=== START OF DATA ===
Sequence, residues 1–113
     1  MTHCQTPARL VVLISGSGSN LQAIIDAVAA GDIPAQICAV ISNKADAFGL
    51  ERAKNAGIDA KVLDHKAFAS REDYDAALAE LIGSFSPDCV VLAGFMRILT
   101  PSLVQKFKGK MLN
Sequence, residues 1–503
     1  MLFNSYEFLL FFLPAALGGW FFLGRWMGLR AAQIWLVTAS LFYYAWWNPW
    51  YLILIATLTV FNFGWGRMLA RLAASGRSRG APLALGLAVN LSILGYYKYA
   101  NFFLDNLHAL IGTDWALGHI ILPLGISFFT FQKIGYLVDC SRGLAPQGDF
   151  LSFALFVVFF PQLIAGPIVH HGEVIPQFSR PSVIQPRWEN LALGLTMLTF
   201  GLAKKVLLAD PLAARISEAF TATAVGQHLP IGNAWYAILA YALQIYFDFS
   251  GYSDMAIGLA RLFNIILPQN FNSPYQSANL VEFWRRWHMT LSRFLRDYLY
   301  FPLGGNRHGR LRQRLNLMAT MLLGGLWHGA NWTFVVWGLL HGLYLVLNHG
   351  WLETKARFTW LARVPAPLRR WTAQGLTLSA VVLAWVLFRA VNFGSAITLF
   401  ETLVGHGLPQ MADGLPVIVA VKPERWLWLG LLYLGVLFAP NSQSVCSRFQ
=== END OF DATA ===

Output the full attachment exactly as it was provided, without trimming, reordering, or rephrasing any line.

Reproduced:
Sequence, residues 1–113
     1  MTHCQTPARL VVLISGSGSN LQAIIDAVAA GDIPAQICAV ISNKADAFGL
    51  ERAKNAGIDA KVLDHKAFAS REDYDAALAE LIGSFSPDCV VLAGFMRILT
   101  PSLVQKFKGK MLN
Sequence, residues 1–503
     1  MLFNSYEFLL FFLPAALGGW FFLGRWMGLR AAQIWLVTAS LFYYAWWNPW
    51  YLILIATLTV FNFGWGRMLA RLAASGRSRG APLALGLAVN LSILGYYKYA
   101  NFFLDNLHAL IGTDWALGHI ILPLGISFFT FQKIGYLVDC SRGLAPQGDF
   151  LSFALFVVFF PQLIAGPIVH HGEVIPQFSR PSVIQPRWEN LALGLTMLTF
   201  GLAKKVLLAD PLAARISEAF TATAVGQHLP IGNAWYAILA YALQIYFDFS
   251  GYSDMAIGLA RLFNIILPQN FNSPYQSANL VEFWRRWHMT LSRFLRDYLY
   301  FPLGGNRHGR LRQRLNLMAT MLLGGLWHGA NWTFVVWGLL HGLYLVLNHG
   351  WLETKARFTW LARVPAPLRR WTAQGLTLSA VVLAWVLFRA VNFGSAITLF
   401  ETLVGHGLPQ MADGLPVIVA VKPERWLWLG LLYLGVLFAP NSQSVCSRFQ